With most points systems a lot of points come from GPA, so I also consider getting the highest grades possible essential for getting in. I see a lot of classmates shooting for the minimum required grade, but then you have to make up the GPA points elsewhere on your application. If you're already taking the time and energy to go to class I think putting in the extra to get your best grade is efficient. I like using some diverse/creative study strategies to try to economize on time too. I record lectures to re-listen to while I'm driving or doing housework. I also like using Quizlet (online flashcards). It's nice because you can look up other people's flashcards and use them if you like, or make your own. I tend to make my own because I feel like I learn more from making the flashcards. There are also some really good youtube videos from nursing students and pre nursing students about how they study that I've found really helpful.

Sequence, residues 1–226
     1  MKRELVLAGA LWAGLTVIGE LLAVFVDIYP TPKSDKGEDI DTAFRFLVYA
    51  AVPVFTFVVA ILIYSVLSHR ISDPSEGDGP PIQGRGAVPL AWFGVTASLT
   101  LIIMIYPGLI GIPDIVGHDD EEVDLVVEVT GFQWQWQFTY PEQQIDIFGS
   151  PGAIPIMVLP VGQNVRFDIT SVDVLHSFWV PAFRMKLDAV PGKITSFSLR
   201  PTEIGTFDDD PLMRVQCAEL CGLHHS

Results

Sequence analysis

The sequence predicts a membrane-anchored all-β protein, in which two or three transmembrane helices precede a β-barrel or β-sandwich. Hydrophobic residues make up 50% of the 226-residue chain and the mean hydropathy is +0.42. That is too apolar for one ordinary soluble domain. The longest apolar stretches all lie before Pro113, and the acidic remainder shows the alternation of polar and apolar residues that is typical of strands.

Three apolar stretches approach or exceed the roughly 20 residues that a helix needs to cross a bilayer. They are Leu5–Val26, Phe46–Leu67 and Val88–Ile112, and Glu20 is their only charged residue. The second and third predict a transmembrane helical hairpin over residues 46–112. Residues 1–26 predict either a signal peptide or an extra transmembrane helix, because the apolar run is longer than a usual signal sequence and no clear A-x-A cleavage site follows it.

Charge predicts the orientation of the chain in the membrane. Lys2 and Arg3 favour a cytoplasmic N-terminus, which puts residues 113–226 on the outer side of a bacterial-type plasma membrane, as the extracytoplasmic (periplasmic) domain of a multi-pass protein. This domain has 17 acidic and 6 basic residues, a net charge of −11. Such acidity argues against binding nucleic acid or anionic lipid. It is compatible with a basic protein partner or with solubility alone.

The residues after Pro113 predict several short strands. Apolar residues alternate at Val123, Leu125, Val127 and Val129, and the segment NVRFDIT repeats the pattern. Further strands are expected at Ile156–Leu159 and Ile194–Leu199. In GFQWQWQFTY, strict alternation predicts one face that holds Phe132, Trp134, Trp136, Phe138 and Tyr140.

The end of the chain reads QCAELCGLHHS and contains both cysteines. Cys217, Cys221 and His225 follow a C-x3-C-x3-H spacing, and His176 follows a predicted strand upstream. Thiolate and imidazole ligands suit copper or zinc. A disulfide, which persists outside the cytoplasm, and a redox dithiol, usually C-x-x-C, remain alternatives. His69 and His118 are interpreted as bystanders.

As far as getting an AA goes, I would say that if you're inclined to do it (and can afford tuition and have time and all that), you should go for it. The extra classes can help you to be more well-rounded and practice critical thinking skills that a lot of programs emphasize (and that are really helpful along the road as a nurse since critical thinking skills are needed when you're a charge nurse).

    I hope that helps. Congrats again and good luck!
  4. by   2020RN2B
    Getting an AA before NS is not going to give you a leg up. What I would suggest is for you to look at the school's nursing pre-requisites and focus on taking those classes. Most programs require chemistry so take that (but only if it's relative to your program). Start off slow and work your way up. Good luck.
  5. by   Random girl